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Tradition

[personal profile] auronlu asked me to post something about Bryn Mawr College, which is our shared alma mater (and as it happens our time there overlapped by a couple of years, though we didn't know each other then).

For those of you who might not be familiar, Bryn Mawr is a small, private liberal arts college in the Philadelphia suburbs. As one of the Seven Sisters, it's traditionally a women's college, although the college will now admit anyone who doesn't identify as male. That's a recent change to policy, and I think it's a good one. (The purpose of women's colleges in a world that is increasingly recognizing the problems with a binary concept of gender is an interesting question, but it's outside the scope of this entry.) There's a lot I could say about Bryn Mawr, most of it positive -- I credit my four years there with making me the person who I am today, and it was the first place I ever found a really solid group of friends, many of whom are still with me today. I was super-active in the Alumnae Association for awhile, was on the board of the local club and then the national organization for a couple of years. Then I burned out, and took a break that lasted almost 10 years. Until this year, at my 20-year reunion, where my friend A and I volunteered to be class presidents. So now that I'm back on the horse, I went to the annual volunteers training weekend for the first time in over a decade. That was the first weekend of October; it was a cold and rainy visit, but it was also energizing, and gave us lots of ideas about how to connect our classmates to each other and to the college. And of course I always appreciate the opportunity to renew my own connection. I've been to every one of my class reunions, and also a decade reunion for graduates of the 1990s in 2014, but reunion is always in the summer after the students are gone. This is the first time in ages that I've been on campus while classes are in session, so it was a real blast from the past to see the college alive with students and faculty. Not to mention that it was fall, with the leaves turning color and the greens turning to mud, which was yet another excellent source of nostalgia. I wouldn't relive my college years if you paid me -- I enjoy being an adult with money and free time, thank you -- but going back to Bryn Mawr always feels like coming home.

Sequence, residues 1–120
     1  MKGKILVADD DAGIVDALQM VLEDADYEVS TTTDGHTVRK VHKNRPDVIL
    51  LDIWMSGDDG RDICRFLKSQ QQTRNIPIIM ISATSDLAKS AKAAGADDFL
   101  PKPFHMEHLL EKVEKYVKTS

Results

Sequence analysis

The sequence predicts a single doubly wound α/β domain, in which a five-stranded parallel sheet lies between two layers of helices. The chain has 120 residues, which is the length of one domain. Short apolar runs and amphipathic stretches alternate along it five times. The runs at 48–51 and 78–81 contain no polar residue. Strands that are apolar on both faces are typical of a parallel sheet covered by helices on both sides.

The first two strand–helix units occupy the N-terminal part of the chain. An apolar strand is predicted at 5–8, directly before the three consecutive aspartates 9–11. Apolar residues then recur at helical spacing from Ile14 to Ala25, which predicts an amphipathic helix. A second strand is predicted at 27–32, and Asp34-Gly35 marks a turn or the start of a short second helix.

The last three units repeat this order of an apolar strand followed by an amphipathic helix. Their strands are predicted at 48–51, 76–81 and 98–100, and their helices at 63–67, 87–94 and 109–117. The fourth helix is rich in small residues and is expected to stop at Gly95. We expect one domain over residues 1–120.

I would feel remiss if I didn't talk about Lantern Night, which was yesterday (and I suspect is part of the reason that [personal profile] auronlu asked about this). One thing that makes Bryn Mawr a special place is its cycle of traditions, and the most sacred of those traditions to me is Lantern Night. Every student at BMC receives a lantern as a symbol of the light of knowledge and belonging to the community. The lanterns are made of black metal worked into the shape of a stylized owl (representative both of knowledge and of the goddess Athena, our patron goddess for perhaps obvious reasons), and the glass panes are forged in the class color. The class of 2019 is a green class, as was the class of 1995, so I am particularly nostalgic when I look at these pictures and think back 24 years, to when I was 18, clad in a black robe, standing in line with my classmates and waiting for the moment that we would be officially welcomed into the community of Mawrters. And I also remember being a sophomore, frantically running up and down the line of lanterns, making sure they all had tea invitations firmly attached and candles safely lit, praying that the Class of '96 would have just as meaningful experience as I did. And I remember being a junior, then a senior, standing in an arch of the Cloisters, using my lantern to keep time as I sang in Greek, realizing that I would never be a part of this moment again, relishing the bittersweet cycle of time.

If any members of the class of '19 happen to be reading this, welcome to the family! I hope you had a wonderful Lantern Night, and that being a part of the College is as good an experience for you as it was for me.

This entry is also posted at http://owlmoose.dreamwidth.org/721868.html. There are currently comment count unavailable comments on DW.

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owlmoose
Nov. 4th, 2015 05:12 am (UTC)
I could never have gone there without lots of financial aid, believe me. Full load of student loans, work study jobs, and a substantial need-based grant from the college -- like most small private schools, at least in those days, Bryn Mawr would meet your full financial need as determined by the federal government. I was fortunate to qualify for enough aid that cost didn't have to factor into my college choice -- my family couldn't even have paid for a state school without aid.
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